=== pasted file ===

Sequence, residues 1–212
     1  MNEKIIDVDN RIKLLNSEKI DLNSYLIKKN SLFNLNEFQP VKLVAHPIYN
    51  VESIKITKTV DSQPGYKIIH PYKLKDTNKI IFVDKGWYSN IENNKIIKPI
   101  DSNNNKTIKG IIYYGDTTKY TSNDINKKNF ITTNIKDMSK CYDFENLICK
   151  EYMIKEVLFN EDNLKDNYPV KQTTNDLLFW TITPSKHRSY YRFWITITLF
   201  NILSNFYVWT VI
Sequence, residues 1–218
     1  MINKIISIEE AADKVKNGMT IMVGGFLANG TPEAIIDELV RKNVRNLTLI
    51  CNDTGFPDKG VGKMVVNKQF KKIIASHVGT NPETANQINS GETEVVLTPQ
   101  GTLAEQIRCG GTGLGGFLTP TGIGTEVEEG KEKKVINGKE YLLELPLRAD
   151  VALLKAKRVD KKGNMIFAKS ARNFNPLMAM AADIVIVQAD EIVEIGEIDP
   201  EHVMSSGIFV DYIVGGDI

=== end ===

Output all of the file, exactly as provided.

Sequence, residues 1–212
     1  MNEKIIDVDN RIKLLNSEKI DLNSYLIKKN SLFNLNEFQP VKLVAHPIYN
    51  VESIKITKTV DSQPGYKIIH PYKLKDTNKI IFVDKGWYSN IENNKIIKPI
   101  DSNNNKTIKG IIYYGDTTKY TSNDINKKNF ITTNIKDMSK CYDFENLICK
   151  EYMIKEVLFN EDNLKDNYPV KQTTNDLLFW TITPSKHRSY YRFWITITLF
   201  NILSNFYVWT VI
Sequence, residues 1–218
     1  MINKIISIEE AADKVKNGMT IMVGGFLANG TPEAIIDELV RKNVRNLTLI
    51  CNDTGFPDKG VGKMVVNKQF KKIIASHVGT NPETANQINS GETEVVLTPQ
   101  GTLAEQIRCG GTGLGGFLTP TGIGTEVEEG KEKKVINGKE YLLELPLRAD
   151  VALLKAKRVD KKGNMIFAKS ARNFNPLMAM AADIVIVQAD EIVEIGEIDP
   201  EHVMSSGIFV DYIVGGDI